• SCENARIO SUMMARY: Our overview of the A,B,C scenarios from earlier posts will be consolidated into a summary statement with the snow map. The synopsis is we believe this event will encompass features of all three scenarios: Starting as a "Big Kahuna" with heavy snow the first 8-10 hours, then turning to an "Icecapade" for another 6-8 hours, and ending as a Cold, Curmudgeony Rain" into Thursday morning.


Latest Snow & Ice Maps from the Sterling VA NWS 



Monday, February 18, 2019

START. YOUR. ENGINES.

9 comments:
START. YOUR. ENGINES.
SIGNIFICANT WINTER STORM TO AFFECT MUCH OF MD, PA VA & WEST VA TUESDAY NIGHT INTO THURSDAY. Five or more inches of snow possible 
into Wed AM, then changing to sleet & freezing rain by Wed PM.


EVENT GRAPHICS / WINTER STORMCAST TEAM STATEMENT 
Below is our latest anaylsis and revised scenarios reposted from our central Maryland facebook update on Sunday evening. Check back during the day for additional information and updates.

1. STERLING VA NWS SNOW MAP as of 9:54 AM MON 2/18




2. LIQUID EQUIVALENTS
  • Approximately 1.0" of liquid or more is expected across the region from Tuesday night to Wednesday night.  Some will be lost to evaporation in the first few hours of Tue evening, and another amount to sleet or freezing rain later on Wednesday. 
  • It is reasonable to expect at least 0.75" is convertible to snow for areas under a Winter Storm Watch. 
  • With temperatures around 30-32 F for most of the region during the event, a general 10:1 snow-to-liquid ratio can be expected until there is a change to sleet/freezing rain.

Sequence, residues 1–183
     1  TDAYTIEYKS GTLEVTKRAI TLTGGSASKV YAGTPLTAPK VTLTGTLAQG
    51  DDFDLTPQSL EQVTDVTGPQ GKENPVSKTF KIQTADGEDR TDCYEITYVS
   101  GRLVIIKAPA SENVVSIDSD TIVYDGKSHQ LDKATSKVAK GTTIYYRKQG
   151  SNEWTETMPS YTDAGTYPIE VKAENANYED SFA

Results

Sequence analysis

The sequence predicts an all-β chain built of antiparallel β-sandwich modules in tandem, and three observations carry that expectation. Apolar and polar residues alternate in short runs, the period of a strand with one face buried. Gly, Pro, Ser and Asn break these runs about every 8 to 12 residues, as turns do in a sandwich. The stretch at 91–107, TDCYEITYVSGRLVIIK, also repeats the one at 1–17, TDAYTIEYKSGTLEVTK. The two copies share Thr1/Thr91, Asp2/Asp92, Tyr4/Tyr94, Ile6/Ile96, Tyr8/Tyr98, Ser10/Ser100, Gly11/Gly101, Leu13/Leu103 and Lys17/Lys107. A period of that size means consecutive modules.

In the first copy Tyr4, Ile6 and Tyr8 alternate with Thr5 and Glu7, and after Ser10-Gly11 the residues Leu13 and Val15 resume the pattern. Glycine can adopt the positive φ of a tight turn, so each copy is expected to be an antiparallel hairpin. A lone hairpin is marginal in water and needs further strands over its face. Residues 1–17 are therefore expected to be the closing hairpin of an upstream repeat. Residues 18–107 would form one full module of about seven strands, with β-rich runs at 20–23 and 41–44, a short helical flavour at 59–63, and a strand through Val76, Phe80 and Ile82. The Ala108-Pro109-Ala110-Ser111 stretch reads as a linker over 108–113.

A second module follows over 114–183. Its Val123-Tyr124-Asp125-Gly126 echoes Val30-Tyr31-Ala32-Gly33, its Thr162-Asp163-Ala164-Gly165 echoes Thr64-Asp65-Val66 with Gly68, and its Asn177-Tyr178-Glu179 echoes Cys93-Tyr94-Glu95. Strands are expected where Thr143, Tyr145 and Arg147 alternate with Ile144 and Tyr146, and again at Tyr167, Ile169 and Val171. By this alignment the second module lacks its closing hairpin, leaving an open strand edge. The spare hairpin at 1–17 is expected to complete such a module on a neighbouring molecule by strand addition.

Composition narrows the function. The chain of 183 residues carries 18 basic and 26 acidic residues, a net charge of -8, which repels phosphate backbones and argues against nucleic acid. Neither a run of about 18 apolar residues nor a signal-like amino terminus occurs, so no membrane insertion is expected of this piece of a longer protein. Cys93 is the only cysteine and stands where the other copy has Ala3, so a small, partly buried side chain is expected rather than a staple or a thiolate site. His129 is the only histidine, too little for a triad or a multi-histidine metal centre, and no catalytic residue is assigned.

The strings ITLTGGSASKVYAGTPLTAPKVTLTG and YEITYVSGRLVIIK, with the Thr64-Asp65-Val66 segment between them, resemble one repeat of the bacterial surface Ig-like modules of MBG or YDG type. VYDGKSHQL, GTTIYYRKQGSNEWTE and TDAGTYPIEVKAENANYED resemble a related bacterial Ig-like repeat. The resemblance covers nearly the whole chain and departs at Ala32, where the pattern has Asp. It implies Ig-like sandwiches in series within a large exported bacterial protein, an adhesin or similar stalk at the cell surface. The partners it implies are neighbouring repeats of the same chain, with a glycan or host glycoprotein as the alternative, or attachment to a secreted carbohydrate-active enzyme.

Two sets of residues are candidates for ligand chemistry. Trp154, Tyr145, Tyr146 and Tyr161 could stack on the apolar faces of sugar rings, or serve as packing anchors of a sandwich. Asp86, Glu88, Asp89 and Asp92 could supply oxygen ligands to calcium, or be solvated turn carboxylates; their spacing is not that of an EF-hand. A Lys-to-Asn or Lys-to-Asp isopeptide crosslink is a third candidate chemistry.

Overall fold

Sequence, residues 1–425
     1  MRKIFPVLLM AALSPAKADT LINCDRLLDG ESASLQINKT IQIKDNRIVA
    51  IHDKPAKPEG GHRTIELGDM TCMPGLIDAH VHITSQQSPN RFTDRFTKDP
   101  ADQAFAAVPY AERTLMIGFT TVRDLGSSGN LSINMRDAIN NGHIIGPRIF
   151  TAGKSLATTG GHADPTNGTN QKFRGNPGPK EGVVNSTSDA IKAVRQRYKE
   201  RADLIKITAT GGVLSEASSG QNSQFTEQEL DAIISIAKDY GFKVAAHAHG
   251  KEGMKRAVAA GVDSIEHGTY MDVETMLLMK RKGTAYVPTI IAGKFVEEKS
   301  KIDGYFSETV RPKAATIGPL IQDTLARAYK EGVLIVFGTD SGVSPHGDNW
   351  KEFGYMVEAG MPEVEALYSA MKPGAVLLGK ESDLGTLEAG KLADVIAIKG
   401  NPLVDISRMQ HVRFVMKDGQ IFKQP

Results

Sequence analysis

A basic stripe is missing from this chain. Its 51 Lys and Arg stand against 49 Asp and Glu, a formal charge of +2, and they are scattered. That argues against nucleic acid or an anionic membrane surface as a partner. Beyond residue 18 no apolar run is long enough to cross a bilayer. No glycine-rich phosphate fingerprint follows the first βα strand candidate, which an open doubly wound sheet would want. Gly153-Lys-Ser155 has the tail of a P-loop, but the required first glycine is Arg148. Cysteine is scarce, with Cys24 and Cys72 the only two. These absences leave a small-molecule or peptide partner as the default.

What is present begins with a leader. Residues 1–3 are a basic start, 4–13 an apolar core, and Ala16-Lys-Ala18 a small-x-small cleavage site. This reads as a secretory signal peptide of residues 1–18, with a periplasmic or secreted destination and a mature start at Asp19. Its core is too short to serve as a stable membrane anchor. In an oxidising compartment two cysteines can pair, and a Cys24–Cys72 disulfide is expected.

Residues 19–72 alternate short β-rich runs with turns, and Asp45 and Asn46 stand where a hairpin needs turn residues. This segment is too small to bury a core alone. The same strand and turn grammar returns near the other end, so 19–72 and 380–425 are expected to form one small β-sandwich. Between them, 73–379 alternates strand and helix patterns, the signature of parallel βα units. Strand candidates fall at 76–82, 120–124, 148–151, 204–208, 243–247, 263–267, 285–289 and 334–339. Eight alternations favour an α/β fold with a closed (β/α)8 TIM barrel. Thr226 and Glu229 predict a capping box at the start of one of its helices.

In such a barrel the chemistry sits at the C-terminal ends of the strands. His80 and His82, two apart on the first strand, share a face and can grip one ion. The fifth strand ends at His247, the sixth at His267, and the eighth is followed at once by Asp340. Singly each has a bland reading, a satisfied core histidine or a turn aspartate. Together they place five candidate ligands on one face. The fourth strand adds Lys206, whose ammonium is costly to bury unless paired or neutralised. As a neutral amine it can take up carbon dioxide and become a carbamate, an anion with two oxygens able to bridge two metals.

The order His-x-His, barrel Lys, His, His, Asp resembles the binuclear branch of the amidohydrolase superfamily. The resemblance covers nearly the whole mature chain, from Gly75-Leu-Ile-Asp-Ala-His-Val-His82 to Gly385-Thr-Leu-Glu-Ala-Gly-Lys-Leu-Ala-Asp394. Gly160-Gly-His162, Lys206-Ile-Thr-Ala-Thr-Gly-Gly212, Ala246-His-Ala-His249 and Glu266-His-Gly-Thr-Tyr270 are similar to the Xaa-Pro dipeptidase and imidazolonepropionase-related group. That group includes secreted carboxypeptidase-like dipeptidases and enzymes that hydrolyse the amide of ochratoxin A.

• The second image is NOAA's precipitation projection from Wednesday morning through Thursday morning. Excessive rain is lurking just to the south of the Mid-Atlantic with amounts of 2" and higher for just a 24 hour period.
3. SURFACE MAP for WEDNESDAY AM
  • How to know if the forecast is on track? It's all about position of the High. We are closely watching for movement of the surface High in New England. 
  • If the center ends up moving back over SE Canada, the Mid-Atlantic may turn colder and receive higher snow amounts for longer. 
  • If the High shifts further east, expect a mix to move in sooner and cut down on snow totals.


4. STORM SCENARIOS as of 11:00 AM MON 2/18
  • Slight revisions to the scenarios posted Sunday morning are shown below, accounting for potential movement of the High as noted in item #2.
  • By this evening, as we approach issuance of any Winter Storm Warnings, our team will publish the Regional Snow Map in accordance with our "24 hours out" rule on snow projections. 
SCENARIO A (60% chance): Another Snow-To-Ice Mess
This projection produces an all-snow start across the region late Tuesday into early Wednesday, with accumulation prior to the Wed AM commute.